L-Acoustics pioneered the last major reinvention of the PA, now it’s confident it can do it all again.
Text:/ Mark Davie
L-ISA isn’t even technically on the market yet, and Guillame Le Nost, L-Acoustics’ Director of R&D on L-ISA, is already referring to stereo PA deployments as “the way it used to be”, “traditional”, and “stuck in a 50-year old configuration.” I guess everything looks nostalgic when you’ve poured the last few years of your life into developing the ‘next step’ in live sound technology.
L-ISA started as a research project with a team of three. By 2016, L-Acoustics finally had a “technology that could really offer productions a way to put the sound back at the centre of the show”.
L-ISA’S NEW FRONTIER, SPACE
You can read about Auditoria’s 360 L-ISA deployment elsewhere this issue, so I wanted learn more about what was in L-ISA’s immediate future and what’s pertinent to the fixed installation market. The L-ISA processor holds the key.
While L-Acoustics has had some spatialisation characteristics built in, the new version of the Processor “could be considered a room acoustics enhancement system,” said Le Nost. It’s not a room simulation engine like Meyer’s Constellation, designed to replicate a specific concert hall in your gymnasium. Rather, it’s about giving the system designer the ability to tailor room reverberation characteristics to the application. “If you’re in a very reverberant venue, you can just add a few early reflections and restrict its effects to a specific frequency range,” explained Le Nost. “Conversely, if you’re in a venue that’s really dry, you can add more diffusion and late energy. You can store those tweaked parameters as presets so a single space can have multiple use cases.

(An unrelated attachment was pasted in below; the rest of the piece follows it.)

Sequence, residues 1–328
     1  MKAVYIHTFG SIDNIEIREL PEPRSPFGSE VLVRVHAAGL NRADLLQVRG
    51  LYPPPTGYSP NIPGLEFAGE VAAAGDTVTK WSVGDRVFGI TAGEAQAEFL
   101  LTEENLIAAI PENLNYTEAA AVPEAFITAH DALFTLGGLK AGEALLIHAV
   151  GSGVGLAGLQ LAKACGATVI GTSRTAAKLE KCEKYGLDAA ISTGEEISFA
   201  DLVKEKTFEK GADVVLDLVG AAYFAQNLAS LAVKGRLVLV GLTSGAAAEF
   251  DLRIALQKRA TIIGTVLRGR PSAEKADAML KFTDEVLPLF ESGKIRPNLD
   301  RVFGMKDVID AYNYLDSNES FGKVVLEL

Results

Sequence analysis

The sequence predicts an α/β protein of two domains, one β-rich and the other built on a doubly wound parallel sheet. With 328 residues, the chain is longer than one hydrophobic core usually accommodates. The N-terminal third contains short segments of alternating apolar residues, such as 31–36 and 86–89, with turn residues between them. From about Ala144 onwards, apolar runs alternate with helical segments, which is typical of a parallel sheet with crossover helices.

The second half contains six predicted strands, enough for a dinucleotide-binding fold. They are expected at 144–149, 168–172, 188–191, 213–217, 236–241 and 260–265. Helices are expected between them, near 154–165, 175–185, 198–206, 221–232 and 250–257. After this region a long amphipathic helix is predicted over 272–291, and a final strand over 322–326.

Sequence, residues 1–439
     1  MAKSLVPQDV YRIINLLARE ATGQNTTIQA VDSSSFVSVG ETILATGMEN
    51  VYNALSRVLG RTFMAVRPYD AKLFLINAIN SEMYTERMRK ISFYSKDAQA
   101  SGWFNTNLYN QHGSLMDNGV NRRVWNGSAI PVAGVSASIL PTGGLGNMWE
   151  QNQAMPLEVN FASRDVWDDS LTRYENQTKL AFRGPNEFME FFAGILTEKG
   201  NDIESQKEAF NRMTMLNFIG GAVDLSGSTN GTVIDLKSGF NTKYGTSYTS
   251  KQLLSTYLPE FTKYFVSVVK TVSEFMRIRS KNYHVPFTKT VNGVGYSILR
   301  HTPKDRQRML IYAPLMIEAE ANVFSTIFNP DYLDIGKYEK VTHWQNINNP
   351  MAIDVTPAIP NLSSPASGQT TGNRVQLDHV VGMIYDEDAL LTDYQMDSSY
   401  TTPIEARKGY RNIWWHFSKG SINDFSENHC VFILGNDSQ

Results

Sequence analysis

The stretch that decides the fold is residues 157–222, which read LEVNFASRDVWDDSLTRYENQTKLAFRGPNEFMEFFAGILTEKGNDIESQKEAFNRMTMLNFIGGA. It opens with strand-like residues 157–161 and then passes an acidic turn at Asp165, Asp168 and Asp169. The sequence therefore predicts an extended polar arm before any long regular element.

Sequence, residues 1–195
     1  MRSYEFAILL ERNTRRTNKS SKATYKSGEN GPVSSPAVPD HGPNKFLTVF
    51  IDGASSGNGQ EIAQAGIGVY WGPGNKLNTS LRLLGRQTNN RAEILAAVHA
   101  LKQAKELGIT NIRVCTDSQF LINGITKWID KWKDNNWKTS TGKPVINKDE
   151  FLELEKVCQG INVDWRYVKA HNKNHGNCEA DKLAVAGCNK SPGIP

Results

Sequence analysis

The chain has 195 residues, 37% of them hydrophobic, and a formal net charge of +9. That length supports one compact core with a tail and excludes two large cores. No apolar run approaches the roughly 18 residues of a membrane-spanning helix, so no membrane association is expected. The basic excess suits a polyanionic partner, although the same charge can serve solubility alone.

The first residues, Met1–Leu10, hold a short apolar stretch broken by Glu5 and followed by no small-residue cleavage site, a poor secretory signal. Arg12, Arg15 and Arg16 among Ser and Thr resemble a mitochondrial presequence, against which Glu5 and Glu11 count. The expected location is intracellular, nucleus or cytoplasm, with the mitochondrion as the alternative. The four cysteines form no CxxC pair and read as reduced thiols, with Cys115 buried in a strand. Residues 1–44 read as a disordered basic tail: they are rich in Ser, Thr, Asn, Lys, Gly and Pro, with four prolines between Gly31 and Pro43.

“Let’s say you have a fixed installation in a theatre, you could create a drier acoustic environment for a spoken word event on Monday, then switch it to a wetter preset for a chamber orchestra on Tuesday. It’s not replacing the sound engineer’s reverbs — like plate reverbs or their favourite Lexicon presets — it’s an enhancement of the space you’re in. It has an effect on all L-ISA systems, but the space effects work better if you have more extended deployment with surround speakers.”
PLUGGING INTO THE SYSTEM
As for the cost, well, L-Acoustics isn’t revealing its hand yet. The L-ISA processor is not technically for sale, yet, and doesn’t have a list price. Ecalle would rather discuss the overall deployment cost: “Another way to look at it is how much of a cost difference it is compared to a classic stereo deployment. Because the energy is spread out over five or seven arrays, you don’t need to dimension the clusters in the same manner. When you would deploy 12-16 K2 cabinets per side in a stereo configuration, you’re going to be working with 6-9 KARAs per cluster — more cabinets overall, but a smaller format. The average cost difference is between 25-30%, but can vary a lot from project to project.”
The team at L-Acoustics are bullish about L-ISA. Not arrogant, just confident they’re sitting on a game-changing technology that takes the conversation away from what sort of rigging pin setup a PA has, or minor spec bumps. They believe it’s an undeniable improvement over that “50-year old configuration” we’ve been “stuck” in for so long.